Lisa Parry Arnold has a rich Quaker heritage. A tenth generation descendant of Quakers, Arnold was a birthright Friend of the same Westfield Friends Meeting in Cinnaminson, New Jersey, that her family had attended since 1816. She attended a Quaker boarding school and married at a Quaker meeting. Full Story
On the morning of February 11, 1861, the president-elect and future commander-in-chief, Abraham Lincoln, left Springfield for his journey to Washington DC. States in the South had already begun to secede from the Union, and the possibility of war loomed large on the horizon. Lincoln had captained a company of local militia during the Black Hawk Indian War, and now he would lead a nation. Full Story
Presented by Paul Milner Genealogy Vital records can be difficult to find, but the parish registers of England are excellent resources providing information on baptisms, marriages, and burials. They have remarkably good coverage because by law, everyone except Quakers and Jews was required to be married in the Church of England regardless of religious affiliation.
If your family tree extends back for several generations in the US, chances are good that you have at least one ancestor who fought in the military. With the growing collection of online databases, learning about your military ancestors has never been easier. Military records can do much more than shed light on the details of your ancestor’s military service. They might provide insights into their lives or help you fill in family relationships. Full Story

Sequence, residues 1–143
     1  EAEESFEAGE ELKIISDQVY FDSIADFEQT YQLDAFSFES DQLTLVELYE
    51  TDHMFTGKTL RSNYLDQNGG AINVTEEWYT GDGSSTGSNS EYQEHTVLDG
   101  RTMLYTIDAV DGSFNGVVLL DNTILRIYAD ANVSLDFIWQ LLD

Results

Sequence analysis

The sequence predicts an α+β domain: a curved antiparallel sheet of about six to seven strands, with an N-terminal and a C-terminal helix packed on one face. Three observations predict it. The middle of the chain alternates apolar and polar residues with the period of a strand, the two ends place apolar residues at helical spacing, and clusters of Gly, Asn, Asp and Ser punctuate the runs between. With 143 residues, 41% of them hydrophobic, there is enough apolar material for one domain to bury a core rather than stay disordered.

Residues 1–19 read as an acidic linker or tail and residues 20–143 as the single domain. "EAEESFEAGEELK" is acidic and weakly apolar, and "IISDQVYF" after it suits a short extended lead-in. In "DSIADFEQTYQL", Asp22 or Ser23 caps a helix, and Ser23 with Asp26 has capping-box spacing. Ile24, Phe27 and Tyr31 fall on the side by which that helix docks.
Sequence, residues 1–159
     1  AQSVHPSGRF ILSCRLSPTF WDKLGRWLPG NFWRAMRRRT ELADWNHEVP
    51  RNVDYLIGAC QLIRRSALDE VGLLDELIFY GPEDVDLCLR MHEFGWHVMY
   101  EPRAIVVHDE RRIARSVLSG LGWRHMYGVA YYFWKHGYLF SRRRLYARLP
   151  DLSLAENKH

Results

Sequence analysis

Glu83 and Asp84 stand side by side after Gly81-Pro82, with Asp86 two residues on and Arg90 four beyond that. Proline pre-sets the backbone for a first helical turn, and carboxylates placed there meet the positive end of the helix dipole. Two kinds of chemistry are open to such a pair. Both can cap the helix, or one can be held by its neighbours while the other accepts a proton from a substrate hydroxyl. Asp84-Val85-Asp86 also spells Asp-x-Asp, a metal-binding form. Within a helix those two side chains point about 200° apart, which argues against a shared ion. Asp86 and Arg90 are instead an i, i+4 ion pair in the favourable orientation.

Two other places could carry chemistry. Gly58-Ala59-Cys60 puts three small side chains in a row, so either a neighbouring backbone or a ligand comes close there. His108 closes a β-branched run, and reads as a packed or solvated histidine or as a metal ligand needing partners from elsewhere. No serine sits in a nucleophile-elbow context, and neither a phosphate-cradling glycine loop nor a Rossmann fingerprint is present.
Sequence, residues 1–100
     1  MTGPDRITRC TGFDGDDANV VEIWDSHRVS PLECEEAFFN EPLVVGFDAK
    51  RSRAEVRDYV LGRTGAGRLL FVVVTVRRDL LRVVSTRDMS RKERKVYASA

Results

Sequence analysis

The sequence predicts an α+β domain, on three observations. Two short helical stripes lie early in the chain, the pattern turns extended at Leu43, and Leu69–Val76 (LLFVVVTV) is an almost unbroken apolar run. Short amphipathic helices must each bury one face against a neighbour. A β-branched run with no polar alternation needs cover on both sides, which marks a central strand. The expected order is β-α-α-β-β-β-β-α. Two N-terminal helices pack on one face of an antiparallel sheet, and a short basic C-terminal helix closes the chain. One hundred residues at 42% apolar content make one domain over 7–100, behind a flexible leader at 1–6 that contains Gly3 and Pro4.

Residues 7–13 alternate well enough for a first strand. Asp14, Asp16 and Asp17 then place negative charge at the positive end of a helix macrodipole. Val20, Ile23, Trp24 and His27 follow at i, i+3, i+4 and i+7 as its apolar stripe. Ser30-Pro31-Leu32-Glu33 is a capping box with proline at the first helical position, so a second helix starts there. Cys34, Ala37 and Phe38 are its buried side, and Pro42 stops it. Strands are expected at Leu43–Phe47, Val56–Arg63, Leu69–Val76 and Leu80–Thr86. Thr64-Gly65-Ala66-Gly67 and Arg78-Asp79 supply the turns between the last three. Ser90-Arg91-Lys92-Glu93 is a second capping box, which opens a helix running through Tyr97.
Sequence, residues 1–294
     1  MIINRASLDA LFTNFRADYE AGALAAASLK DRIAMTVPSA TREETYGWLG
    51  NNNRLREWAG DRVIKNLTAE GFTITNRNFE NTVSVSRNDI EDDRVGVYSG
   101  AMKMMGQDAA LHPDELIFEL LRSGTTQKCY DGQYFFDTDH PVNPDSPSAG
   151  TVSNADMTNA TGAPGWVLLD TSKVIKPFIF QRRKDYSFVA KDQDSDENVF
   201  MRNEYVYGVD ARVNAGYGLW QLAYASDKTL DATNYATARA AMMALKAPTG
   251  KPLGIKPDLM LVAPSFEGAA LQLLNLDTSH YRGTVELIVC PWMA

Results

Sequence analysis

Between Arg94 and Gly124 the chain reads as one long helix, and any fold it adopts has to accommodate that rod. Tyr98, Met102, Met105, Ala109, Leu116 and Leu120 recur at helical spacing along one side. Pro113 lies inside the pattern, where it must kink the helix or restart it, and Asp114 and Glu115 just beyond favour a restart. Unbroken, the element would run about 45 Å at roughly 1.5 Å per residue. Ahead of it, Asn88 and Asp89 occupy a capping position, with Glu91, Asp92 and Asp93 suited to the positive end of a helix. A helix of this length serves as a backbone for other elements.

Learning about your family can help you understand your past and form more meaningful connections with family members now. But did you know that gathering information about your family can also provide important medical information? Unlike conversations about birth dates and family memories, this type of research requires conversations about health issues and medical conditions. With this type of information, the finished product is a family health history instead of a family group sheet or written family history. Full Story
by Dorothy Horan Most children, ages 4–5, in the United States attend free public schools beginning with preschool or kindergarten. While newer school records are not available to the public, some older public records created by schools are beginning to become available to researchers. Records kept by teachers may be found at historical societies or […]
Do you have a Revolutionary War veteran in your family tree? If so, a great way to discover his story is by finding his obituary in a collection of old newspapers. I recently found this obituary of Revolutionary War veteran Nathaniel Hayford, who died in 1851 at the age of 96. Full Story
I have talked to many researchers tracing their families who are plodding right along, finding their ancestors in United States records with reasonable success, extending their family trees back generation by generation. Then something happens that brings them to a screeching halt—they reach a German immigrant ancestor. Many people seem to believe that once you come across a German in your family, it’s time to throw in the towel and switch to a different family line. German research is just too hard. Right? Full Story
So your ancestors are from Britain? What do you do now? While having British ancestors is fairly common, finding them and adding them to your family tree can be a bit more difficult.
by Falande Swain On August 2, 2016, an amazing family history discovery happened just by chance. On that day, 72 educators were in attendance at the New Jersey Amistad Commission Summer Institute at Kean University. FamilySearch representative Thom Reed provided an overview of the Freedmen’s Bureau Project to these educators. As part of his presentation, […]